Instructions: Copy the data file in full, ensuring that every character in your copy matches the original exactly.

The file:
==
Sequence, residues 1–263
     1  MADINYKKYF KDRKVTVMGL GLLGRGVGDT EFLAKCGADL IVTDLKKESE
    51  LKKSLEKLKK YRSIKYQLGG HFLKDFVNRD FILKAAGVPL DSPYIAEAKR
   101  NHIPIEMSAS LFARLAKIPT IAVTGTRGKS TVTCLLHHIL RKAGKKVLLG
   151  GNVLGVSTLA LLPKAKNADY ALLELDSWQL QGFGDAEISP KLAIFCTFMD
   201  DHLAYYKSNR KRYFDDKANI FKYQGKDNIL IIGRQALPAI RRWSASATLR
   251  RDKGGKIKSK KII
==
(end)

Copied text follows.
Sequence, residues 1–263
     1  MADINYKKYF KDRKVTVMGL GLLGRGVGDT EFLAKCGADL IVTDLKKESE
    51  LKKSLEKLKK YRSIKYQLGG HFLKDFVNRD FILKAAGVPL DSPYIAEAKR
   101  NHIPIEMSAS LFARLAKIPT IAVTGTRGKS TVTCLLHHIL RKAGKKVLLG
   151  GNVLGVSTLA LLPKAKNADY ALLELDSWQL QGFGDAEISP KLAIFCTFMD
   201  DHLAYYKSNR KRYFDDKANI FKYQGKDNIL IIGRQALPAI RRWSASATLR
   251  RDKGGKIKSK KII